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Thyroid Conditions: Symptoms, diagnosis, and treatments

January 12, 2022
Nearly 50,000 new cases of thyroid cancer are projected to be diagnosed in the U.S. in 2022. The good news is that 85% of those cancers will fall into the category of differentiated thyroid cancers, which are very treatable. “With a skilled and experienced surgeon and treatment team, most patients with this type of thyroid cancer can expect to be cured,” said Farzad Masroor, MD, head and neck surgeon at GBMC’s Milton J. Dance, Jr. Head and Neck Center.

The thyroid is a butterfly-shaped gland located in front of the windpipe or trachea. It’s an endocrine gland that makes hormones that affect a wide range of processes in your body, from how quickly you burn calories to your heart rate, breathing, body temperature, cholesterol levels, and women’s menstrual cycles.

There are several types of thyroid disorders, including hypo- and hyperthyroidism, which cause the gland to be under or overactive, and thyroid cancer. Hypo- and hyperthyroidism are usually treated with medications and radioactive iodine, though in some cases surgery may be an option. Most cases of thyroid cancer are treated with surgery to remove part or all of the gland and any surrounding lymph nodes where cancer is found followed by treatment with radioactive iodine.

Thyroid cancer falls into three groups—differentiated thyroid cancer, where the cancer arises from cells in the lining of thyroid; medullary thyroid cancer, which is not as common and is slightly more aggressive; and anaplastic thyroid cancer, which is very rare and very aggressive.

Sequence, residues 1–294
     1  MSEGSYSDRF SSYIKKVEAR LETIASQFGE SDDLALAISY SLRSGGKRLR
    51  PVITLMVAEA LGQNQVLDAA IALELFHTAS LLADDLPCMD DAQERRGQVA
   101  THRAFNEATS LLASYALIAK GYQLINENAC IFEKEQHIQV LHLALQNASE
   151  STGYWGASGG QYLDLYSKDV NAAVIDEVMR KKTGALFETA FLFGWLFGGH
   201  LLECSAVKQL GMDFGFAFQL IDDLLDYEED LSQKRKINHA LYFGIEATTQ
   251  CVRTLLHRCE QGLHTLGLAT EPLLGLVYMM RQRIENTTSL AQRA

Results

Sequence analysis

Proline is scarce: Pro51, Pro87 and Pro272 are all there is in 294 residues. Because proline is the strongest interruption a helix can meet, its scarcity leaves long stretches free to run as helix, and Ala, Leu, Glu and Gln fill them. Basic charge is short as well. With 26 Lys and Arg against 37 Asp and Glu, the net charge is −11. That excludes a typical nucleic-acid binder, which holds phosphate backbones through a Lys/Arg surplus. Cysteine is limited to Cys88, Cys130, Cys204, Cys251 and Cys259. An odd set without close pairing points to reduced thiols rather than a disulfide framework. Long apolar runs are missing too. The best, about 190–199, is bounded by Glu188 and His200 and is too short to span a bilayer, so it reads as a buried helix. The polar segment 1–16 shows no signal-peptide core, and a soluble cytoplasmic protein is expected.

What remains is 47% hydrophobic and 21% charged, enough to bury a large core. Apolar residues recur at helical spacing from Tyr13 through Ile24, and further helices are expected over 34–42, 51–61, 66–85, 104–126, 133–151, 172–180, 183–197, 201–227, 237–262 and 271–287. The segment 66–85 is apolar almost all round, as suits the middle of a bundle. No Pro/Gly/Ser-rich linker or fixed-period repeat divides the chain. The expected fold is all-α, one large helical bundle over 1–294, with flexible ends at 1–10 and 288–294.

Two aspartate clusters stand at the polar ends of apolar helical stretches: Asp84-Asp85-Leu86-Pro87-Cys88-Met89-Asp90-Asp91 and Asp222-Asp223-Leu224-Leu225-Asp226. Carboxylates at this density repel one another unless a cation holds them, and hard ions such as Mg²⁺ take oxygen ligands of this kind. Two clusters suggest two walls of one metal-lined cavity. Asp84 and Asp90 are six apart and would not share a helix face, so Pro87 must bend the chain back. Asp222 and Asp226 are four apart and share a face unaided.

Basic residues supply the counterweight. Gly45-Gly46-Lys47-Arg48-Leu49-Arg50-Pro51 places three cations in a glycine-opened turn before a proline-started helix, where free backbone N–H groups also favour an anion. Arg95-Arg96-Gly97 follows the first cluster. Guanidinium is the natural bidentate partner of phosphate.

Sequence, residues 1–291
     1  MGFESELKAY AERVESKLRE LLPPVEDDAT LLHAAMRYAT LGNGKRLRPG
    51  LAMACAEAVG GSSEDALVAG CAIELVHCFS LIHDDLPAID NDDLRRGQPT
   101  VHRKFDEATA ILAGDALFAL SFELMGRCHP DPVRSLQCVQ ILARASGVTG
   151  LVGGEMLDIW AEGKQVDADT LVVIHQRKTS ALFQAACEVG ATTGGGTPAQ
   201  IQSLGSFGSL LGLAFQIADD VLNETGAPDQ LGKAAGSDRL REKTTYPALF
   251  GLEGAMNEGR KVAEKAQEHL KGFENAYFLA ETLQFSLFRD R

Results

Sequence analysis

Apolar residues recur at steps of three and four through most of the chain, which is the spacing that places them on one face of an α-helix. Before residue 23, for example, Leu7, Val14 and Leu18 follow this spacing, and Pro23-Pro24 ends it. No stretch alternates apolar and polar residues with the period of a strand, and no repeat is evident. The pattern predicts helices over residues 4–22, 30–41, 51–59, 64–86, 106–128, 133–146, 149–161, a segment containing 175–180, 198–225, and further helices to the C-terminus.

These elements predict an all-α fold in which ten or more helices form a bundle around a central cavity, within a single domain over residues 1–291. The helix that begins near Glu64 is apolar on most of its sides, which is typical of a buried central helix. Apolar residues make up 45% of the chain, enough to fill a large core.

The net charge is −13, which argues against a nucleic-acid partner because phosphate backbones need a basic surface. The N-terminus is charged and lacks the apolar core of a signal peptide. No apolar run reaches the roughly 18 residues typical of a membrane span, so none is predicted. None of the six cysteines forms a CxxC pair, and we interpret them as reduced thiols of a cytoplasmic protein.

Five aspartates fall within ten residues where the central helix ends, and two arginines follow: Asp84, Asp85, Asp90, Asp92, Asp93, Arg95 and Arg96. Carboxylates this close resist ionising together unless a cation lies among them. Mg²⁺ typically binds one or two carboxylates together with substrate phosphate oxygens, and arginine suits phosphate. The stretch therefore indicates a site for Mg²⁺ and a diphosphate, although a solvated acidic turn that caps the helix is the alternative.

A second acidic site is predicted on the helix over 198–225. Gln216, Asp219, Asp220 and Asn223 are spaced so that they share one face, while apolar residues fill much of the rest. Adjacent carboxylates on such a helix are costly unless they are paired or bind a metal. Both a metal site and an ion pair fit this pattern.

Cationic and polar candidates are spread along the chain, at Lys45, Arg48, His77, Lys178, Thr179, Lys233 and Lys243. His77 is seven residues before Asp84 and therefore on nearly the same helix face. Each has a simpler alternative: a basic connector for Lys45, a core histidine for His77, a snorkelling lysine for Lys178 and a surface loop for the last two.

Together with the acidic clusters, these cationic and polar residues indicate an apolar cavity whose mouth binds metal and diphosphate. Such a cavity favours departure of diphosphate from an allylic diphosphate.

“Common symptoms of thyroid cancer include changes in your voice or hoarseness, changes in breathing, where it becomes harder to breathe or your breathing becomes noisy, and difficulty swallowing,” explained Ray Blanco, MD, medical director of GBMC’s Milton J. Dance, Jr. Head and Neck Center. “Some people notice a lump in their neck, indicating an enlarged thyroid, or they have no symptoms and changes in the thyroid are discovered by their primary care physician during an annual physical or during a work-up for another health condition.”

People who are at a greater risk for thyroid disease and thyroid cancer include those with autoimmune diseases like rheumatoid arthritis and type 1 diabetes, people who had past radiation treatment of the neck, and people who are overweight. Gender also plays a role—thyroid cancer is three times more likely in women between the ages of 40 and 60. For medullary thyroid cancer, genetics can increase risk.

“After surgery for thyroid cancer, many patients are able to go home the same day,” added Dr. Masroor. “Recovery is not particularly painful and pain management requires only Tylenol or ibuprofen.”
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